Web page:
Local Search

Google Now Showing Local Results for State Wide Searches

It is no news that Google is displaying local search results in the SERPS these days. If you are looking for anything from a dentist to an Italian restaurant, then you will most likely see a map with a list of local businesses in the searched for city. But what about a statewide search for something like “Colorado Used Cars”?

Google has been rolling out local results on Statewide searches for some time. It seems that it initially started with smaller states like New Jersey, but recently state wide results can be seen in the likes of much larger (in land mass) states such as Utah, Washington, and even Alaska.

A Little Experiment

To find out just how many local states results are creeping into Google’s SERPS, I took the following keywords  (Used Cars, Dentist, and Italian Restaurants) and went state by state to see if local map listings would pop up.  The findings are as follows..

State + Used Cars brought up map listings in 23 states

State + Dentist brought up map listings in 21 states

State + Italian Restaurants brought up map listings in 24 states

20 states did not show any local results

I first looked at the states that didn’t show any local results and it seemed that they fit into 2 major categories. They either were in the top 25 most populated states, or in the top 25 least populated states, which pretty much means that there was no apparent reasoning to why certain states where showing listings, and certain states weren’t…statistically speaking.

Another important observation is that the physical map that is displayed doesn’t show a picture of the entire state, but usually focuses on a region like displayed in the picture below. Each term also brings up a different region which means that it is determined by the listings more than a location.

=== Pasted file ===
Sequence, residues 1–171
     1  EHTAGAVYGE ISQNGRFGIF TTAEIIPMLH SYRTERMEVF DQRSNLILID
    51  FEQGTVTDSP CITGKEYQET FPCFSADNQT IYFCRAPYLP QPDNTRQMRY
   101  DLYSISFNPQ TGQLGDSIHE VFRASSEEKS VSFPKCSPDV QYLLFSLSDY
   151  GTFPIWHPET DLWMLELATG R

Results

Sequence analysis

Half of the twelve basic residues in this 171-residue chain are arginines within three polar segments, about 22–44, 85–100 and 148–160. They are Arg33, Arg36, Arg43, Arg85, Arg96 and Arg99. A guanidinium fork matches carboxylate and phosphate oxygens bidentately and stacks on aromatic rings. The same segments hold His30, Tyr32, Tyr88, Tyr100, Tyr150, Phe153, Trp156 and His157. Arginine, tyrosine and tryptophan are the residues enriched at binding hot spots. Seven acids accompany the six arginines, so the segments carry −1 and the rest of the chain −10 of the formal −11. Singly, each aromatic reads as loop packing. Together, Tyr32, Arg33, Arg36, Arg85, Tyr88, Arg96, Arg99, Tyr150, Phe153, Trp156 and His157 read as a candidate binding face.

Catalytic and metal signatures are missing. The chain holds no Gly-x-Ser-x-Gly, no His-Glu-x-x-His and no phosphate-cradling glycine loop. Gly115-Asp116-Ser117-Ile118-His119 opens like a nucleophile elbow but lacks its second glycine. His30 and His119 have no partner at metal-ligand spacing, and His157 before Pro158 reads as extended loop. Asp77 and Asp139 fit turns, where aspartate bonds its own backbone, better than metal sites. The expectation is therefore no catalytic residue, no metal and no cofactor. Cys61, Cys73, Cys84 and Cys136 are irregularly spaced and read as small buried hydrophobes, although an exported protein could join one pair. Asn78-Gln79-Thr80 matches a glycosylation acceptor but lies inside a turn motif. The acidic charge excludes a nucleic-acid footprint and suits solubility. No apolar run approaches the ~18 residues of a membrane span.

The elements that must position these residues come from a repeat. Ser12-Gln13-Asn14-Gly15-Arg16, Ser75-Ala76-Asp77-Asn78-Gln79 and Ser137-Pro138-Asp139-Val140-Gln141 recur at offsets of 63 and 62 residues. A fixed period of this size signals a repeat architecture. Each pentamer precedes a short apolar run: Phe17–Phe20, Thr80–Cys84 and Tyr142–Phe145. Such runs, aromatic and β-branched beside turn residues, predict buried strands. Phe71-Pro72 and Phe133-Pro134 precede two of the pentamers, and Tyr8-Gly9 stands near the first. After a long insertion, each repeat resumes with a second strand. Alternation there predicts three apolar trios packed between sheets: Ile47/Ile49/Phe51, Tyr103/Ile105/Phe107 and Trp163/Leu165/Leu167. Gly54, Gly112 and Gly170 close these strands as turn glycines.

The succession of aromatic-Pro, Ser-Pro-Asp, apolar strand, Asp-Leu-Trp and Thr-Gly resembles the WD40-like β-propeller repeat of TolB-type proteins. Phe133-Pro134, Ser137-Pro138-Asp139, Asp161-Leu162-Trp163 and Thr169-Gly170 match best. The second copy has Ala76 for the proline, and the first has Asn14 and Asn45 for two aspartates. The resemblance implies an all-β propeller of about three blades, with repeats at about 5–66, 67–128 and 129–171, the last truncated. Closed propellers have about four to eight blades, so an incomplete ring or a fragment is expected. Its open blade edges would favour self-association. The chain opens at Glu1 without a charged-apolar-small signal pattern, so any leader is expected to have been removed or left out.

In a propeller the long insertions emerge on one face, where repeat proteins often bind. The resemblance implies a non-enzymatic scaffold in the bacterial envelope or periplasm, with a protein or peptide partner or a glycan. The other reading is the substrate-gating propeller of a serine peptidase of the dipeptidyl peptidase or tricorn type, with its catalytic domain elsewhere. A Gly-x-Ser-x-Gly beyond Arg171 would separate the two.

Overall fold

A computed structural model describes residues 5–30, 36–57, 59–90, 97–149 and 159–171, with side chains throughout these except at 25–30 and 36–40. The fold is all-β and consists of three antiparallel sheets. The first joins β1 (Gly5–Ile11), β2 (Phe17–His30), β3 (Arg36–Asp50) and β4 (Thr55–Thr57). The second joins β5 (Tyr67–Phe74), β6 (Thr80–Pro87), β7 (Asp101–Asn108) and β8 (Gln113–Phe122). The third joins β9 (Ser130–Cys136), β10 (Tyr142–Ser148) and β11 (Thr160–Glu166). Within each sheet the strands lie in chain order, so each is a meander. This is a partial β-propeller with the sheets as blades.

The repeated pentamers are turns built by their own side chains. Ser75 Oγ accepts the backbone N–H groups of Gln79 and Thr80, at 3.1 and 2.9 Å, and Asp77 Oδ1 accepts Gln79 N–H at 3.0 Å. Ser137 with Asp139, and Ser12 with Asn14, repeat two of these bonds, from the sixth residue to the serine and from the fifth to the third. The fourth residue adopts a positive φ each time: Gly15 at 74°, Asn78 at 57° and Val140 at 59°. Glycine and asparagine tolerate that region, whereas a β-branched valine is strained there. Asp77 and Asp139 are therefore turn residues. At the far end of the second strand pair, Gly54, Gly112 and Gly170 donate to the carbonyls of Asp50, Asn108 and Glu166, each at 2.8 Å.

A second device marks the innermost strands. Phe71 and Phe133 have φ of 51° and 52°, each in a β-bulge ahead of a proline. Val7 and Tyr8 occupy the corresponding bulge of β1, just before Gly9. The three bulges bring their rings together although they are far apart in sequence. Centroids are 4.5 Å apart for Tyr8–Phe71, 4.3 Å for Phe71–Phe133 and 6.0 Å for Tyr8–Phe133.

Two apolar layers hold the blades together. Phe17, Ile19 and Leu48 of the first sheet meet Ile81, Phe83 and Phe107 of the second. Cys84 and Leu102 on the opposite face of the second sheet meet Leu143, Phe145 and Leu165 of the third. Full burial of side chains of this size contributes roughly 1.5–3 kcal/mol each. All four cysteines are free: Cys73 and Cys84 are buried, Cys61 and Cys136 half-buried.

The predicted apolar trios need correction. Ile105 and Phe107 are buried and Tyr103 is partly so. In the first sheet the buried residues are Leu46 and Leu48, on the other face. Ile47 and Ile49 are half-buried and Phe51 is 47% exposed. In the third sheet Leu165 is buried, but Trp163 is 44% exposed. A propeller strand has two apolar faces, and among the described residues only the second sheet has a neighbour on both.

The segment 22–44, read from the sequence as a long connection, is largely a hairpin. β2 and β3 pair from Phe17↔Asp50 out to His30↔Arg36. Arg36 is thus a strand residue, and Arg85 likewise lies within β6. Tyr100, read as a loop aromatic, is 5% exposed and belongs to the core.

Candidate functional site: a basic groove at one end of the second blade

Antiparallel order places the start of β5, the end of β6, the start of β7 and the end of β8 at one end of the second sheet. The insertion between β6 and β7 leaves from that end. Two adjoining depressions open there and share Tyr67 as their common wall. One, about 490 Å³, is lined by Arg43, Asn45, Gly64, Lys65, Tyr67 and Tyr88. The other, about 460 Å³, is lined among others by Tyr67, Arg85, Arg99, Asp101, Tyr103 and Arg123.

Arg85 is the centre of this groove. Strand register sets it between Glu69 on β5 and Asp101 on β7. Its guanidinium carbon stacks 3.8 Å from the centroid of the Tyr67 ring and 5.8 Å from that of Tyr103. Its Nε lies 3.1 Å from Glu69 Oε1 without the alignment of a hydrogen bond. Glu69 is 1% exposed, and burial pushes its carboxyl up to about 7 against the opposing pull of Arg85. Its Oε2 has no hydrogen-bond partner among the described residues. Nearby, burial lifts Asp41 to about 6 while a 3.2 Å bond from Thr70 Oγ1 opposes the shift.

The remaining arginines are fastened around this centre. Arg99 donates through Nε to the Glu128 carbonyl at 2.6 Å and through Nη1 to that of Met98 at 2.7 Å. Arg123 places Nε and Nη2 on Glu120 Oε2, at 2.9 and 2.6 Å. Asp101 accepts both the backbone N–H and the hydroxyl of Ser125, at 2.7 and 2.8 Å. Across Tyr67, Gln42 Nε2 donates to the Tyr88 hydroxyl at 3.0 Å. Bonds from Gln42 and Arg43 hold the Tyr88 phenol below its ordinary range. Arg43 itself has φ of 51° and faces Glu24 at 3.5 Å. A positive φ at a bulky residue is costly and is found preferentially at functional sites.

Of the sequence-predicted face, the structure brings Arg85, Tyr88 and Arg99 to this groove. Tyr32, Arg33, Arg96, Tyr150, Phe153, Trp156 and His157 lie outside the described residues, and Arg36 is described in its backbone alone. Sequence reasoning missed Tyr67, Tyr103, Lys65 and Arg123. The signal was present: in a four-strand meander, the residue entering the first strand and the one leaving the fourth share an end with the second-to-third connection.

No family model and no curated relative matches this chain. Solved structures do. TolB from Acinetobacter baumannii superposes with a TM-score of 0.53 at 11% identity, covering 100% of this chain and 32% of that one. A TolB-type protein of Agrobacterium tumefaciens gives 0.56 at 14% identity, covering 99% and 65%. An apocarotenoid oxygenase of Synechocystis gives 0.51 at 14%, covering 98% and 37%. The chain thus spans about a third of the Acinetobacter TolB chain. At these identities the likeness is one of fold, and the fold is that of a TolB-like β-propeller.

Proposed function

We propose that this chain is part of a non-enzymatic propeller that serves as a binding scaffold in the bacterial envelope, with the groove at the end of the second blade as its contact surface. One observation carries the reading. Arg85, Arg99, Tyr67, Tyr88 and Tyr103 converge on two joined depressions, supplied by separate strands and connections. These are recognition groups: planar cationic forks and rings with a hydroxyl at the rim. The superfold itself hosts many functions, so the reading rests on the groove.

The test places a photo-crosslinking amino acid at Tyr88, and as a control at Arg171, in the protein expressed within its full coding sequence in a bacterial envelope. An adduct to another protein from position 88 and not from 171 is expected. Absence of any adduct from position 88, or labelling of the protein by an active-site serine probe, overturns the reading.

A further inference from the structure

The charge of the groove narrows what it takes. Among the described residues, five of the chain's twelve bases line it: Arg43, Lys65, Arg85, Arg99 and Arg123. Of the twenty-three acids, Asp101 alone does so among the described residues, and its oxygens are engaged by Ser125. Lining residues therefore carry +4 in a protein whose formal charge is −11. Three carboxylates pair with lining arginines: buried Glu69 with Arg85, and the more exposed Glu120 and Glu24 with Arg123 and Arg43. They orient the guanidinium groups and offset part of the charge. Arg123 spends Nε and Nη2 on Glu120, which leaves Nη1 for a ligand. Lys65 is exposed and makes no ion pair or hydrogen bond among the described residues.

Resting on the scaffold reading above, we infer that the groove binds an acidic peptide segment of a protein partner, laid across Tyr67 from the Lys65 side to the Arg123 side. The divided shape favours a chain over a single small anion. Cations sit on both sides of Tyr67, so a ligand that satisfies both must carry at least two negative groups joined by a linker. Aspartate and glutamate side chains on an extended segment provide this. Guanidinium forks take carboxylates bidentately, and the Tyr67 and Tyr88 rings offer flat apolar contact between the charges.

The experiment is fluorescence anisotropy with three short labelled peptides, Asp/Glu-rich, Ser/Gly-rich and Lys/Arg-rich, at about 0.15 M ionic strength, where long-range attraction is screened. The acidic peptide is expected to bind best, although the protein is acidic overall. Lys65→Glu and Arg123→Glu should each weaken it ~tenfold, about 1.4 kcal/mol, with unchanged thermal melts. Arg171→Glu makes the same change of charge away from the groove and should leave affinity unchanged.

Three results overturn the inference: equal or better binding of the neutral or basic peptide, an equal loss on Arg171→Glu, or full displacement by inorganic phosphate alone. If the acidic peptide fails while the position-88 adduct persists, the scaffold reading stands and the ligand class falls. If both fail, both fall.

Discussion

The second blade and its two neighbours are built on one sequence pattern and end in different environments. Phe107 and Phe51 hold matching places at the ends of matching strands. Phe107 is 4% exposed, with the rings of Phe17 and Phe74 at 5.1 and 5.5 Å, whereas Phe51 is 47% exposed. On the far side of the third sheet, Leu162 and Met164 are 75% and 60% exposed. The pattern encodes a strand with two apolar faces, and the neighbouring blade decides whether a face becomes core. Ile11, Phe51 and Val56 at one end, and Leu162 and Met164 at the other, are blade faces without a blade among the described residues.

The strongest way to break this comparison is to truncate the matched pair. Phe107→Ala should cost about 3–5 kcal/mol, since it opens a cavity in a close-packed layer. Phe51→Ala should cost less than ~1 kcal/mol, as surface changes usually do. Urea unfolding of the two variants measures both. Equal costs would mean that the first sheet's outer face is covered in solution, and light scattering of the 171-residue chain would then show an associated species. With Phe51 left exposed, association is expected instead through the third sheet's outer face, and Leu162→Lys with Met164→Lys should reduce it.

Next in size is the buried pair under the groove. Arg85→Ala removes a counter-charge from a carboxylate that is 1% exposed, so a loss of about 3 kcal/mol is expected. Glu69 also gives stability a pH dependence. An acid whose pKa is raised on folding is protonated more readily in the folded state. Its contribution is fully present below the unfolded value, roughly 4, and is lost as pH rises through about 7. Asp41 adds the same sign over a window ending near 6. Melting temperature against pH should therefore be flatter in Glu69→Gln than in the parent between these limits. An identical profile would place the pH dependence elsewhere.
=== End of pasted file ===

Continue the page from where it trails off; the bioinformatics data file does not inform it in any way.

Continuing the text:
clip image002 0051 Google Now Showing Local Results for State Wide Searches

City Vs. State Ranking Factors

When you search for a business in a given city, Google displayed results based on a centriod that has been determined. The closer you are to the centriod, the better change you have for ranking if all else is equal.  When it comes to statewide searches, the only location qualification is that your business is in the searched for state.  Let’s use a few Utah Searches as an example.

Utah Used Cars top listing is in Salt Lake City

Utah Dentist top listing is in Lehi

Utah Italian Restaurant top listing is in Park City

Utah Carpet Cleaners top listing is in West Jordan

Most other ranking factors seemed to be equally important on the city and state levels such as correct categorization, quality and quantity of citations, reviews, user generated content, and (though I disagree with the big G in this one) location and keywords in the Business title.

Potential Steps To Take

Given that it is going to become important to optimize for both city and state for some industries, I think that suitable steps to take would be as followed:

  1. Check and see if your Industry and State are showing local listings.
  2. Make sure you aren’t stuffing location keywords into categories. If your category is city + keyword then what happens when someone does a search for state + keyword.
  3. Do keyword research for city vs. state terms. Your business might benefit by trying to go after one or the other.
  4. Look at citations from businesses in other areas of the state and see if you can use them.
  5. Create coupons that are focused on citizens of your state.